This was originally published on January 3, 2014.
The beginning of Herbert Yernipcut’s life is very confusing to me. The US Indian Rolls between 1895 and 1900, along with the 1900 US Federal Census, are what make his life confusing.
Herbert Yernipcut was born in Indian Territory, in what is now Cotton County, Oklahoma. He was born about 1892, as indicated by census records. However, his headstone says he was born in 1893. I’m not sure how accurate that birth year is, though, considering it also has his death date listed 21 days before he actually died (I have not been able to see a photograph of his headstone yet, so I can’t be certain that it might just be unreadable).
By all accounts he was born to a man who is listed by the name of Comanche and a woman by the name of Wah-Per-Che. However, the Indian rolls for 1895, 1896, and 1897 do not have him listed by the names Herbert or Yer-Nip-Cut. In fact, the rolls for 1895 and 1896 have him (I’m assuming it might possibly still be him?) listed as a girl. (names pertaining to Herbert are highlighted in blue, other discrepancies are highlighted in red)
1895 US Indian Roll, Comanche, Numbers 353-9
Comanche, male, father, 28 years of age
Wah per che, female, wife, 18 years of age
Maud, female, daughter, 3 years of age
To see, female, mother (of Comanche), 46 years of age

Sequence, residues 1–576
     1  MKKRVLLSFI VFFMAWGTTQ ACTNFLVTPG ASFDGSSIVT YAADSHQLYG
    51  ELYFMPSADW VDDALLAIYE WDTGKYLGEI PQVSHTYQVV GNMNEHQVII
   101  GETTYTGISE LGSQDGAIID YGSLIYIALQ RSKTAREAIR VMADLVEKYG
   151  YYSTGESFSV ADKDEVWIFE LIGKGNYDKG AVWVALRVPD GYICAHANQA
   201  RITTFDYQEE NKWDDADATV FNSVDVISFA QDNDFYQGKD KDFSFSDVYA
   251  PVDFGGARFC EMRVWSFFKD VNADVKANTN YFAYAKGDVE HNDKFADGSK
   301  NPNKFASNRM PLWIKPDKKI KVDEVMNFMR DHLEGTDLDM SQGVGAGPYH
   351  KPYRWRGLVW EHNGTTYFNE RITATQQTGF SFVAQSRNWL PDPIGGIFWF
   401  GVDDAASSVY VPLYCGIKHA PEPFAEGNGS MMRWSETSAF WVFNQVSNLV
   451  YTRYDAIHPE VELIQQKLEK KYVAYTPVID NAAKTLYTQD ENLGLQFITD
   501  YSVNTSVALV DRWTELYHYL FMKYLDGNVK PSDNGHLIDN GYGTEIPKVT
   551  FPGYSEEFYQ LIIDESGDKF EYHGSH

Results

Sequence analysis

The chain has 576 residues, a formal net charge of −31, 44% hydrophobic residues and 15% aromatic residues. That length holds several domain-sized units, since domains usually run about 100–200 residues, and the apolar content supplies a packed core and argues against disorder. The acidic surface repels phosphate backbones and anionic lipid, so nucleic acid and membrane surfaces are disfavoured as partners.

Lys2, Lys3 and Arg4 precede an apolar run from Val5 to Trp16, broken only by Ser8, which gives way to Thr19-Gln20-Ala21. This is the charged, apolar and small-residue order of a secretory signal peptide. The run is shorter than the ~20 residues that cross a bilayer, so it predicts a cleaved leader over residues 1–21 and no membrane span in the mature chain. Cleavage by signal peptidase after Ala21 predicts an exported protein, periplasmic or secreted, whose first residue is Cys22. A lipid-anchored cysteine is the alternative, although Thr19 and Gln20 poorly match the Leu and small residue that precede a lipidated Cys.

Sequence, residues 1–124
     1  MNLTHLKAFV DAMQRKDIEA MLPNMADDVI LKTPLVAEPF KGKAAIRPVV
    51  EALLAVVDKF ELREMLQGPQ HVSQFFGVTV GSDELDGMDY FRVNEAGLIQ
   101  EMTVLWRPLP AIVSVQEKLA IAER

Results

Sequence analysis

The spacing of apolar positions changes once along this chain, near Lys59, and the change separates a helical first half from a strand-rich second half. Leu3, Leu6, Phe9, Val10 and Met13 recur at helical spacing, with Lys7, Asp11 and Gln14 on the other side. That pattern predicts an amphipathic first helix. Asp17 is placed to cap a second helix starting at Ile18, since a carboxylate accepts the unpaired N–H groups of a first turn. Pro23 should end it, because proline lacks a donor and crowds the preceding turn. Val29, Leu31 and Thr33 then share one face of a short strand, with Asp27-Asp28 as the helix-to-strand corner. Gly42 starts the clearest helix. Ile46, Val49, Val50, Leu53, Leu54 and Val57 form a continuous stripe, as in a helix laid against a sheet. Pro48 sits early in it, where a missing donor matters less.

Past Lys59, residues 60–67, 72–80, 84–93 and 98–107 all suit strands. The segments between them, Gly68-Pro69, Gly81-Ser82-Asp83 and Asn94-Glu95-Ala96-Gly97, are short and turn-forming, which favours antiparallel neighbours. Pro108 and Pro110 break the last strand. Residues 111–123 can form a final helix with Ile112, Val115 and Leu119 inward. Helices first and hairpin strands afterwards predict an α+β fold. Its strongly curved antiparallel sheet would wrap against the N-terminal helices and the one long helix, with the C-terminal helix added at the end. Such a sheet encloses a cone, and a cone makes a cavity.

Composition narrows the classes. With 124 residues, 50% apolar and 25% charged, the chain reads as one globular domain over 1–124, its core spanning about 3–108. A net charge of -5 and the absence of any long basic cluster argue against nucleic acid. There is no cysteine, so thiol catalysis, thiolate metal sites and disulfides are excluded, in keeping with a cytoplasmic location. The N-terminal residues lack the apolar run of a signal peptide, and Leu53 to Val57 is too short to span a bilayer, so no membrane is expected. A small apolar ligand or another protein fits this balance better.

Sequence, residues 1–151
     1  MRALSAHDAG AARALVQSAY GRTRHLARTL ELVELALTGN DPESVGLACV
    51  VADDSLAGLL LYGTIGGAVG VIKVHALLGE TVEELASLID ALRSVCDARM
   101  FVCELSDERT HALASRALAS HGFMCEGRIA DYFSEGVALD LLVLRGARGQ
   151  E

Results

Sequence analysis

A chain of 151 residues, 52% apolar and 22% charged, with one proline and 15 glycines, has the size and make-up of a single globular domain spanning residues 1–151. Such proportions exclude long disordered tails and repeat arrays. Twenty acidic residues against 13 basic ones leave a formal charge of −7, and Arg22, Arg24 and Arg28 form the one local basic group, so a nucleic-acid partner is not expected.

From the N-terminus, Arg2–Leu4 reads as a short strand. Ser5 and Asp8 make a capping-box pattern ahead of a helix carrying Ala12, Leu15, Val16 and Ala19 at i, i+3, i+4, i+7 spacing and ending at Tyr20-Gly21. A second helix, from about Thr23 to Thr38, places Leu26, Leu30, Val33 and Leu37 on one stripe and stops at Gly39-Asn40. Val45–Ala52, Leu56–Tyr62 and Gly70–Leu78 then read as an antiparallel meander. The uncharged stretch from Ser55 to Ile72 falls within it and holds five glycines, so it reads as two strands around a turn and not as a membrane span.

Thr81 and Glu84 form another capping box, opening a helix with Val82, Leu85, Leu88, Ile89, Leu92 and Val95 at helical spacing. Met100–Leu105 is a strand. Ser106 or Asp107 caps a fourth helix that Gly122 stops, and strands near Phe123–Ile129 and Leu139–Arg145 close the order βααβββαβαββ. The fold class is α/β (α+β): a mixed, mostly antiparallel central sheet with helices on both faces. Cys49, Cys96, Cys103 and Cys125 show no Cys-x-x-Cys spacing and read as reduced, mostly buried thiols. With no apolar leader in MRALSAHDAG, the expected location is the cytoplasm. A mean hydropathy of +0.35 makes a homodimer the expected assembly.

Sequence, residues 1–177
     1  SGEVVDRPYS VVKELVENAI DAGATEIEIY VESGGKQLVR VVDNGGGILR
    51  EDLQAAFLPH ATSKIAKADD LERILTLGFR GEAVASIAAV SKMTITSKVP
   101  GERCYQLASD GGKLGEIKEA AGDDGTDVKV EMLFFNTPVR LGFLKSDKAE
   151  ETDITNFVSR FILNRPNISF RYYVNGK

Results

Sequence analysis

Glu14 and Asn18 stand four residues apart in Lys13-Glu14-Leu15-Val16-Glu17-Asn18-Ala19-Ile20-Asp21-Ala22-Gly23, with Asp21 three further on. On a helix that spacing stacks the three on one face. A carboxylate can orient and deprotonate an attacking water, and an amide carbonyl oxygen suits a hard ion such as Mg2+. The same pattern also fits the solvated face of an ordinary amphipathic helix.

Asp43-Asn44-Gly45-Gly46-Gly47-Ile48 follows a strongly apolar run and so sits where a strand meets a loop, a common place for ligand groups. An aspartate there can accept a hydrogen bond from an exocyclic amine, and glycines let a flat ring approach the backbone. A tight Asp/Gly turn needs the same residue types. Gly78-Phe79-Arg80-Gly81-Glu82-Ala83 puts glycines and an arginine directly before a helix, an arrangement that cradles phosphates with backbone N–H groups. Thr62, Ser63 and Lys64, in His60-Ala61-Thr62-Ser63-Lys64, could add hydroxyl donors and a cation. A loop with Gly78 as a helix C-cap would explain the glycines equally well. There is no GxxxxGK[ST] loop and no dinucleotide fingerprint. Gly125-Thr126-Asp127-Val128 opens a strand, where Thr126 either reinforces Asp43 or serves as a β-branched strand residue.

Tar sar er (?), female, daughter (of To see), 14 years of age (she appears on other rolls living by the family with a family of her own)
Que wooth take wan (?), male, son (of To see), 8 years of age
Wan que, male, (no relationship listed), 24 years of age
note: on the page prior to this are the names Ten a ver ka and Pa ko chy. These are also relatives and will be mentioned later in more detail.
1896 US Indian Roll, Comanche, Numbers 393-9
Ten-a-ver-kah, male, head of household, 41 years of age
Pa-ko-chy, female, wife, 36 years of age
Comanche, male, father, 29 years of age
Wah-per-che, female, wife, 19 years of age
Maud, female, daughter, 4 years of age
To-see, female, mother, 47 years of age
Mo-que, male, son, 9 years of age
1897 US Indian Roll, Comanche, Numbers 394-401
Ten a ver kah, male, 42 years of age
Pa ko chy, female, wife, 37 years of age
Comanche, male, 30 years of age
Wah per che, female, wife, 20 years of age
Maud, male, son, 5 years of age
McKinly, male, son, 9 months
To see, female, 48 years of age
Mo que, male, son, 10 years of age
1898 US Indian Roll, Comanche, Numbers 393-9
Ten-a-ver-kah, male, 43 years of age
Pa-ko-chy, female, wife, 38 years of age
Comanche, male, 31 years of age
Wah-per-che, female, wife, 21 years of age
Yer-nip-cut, male, son, 6 years of age
To-see, female, 49 years of age
Mo-que, male, grandson, 11 years of age
So far, Herbert doesn’t appear to show up on the census with his parents until the 1898 roll, although I do believe that he is Maud (I somehow doubt that the enumerator really cared that much whether he got the relationship or sex of family members correct…they were still considered “heathens” at this point). According to a July 6, 1933 interview with Herbert’s step-father, Emerson Niyah, “couples might…adopt native Comanche children with their parent’s consent. In that case, a young child usually forgot its natural parents” (Comanche Ethnography: Field Notes of E. Adamson Hoebel, Waldo R. Wedel, Gustav G. Carlson, and Robert H. Lowie, Compiled and edited by Thomas W. Kavanagh, 2008, page 67). And although it is completely possible that Yer-nip-cut was adopted, I doubt it.
I can’t help but wonder, though, about the name changes. And why Mo-Que went from being To-see’s son to her grandson. Again, most likely the enumerator didn’t really care one way or another.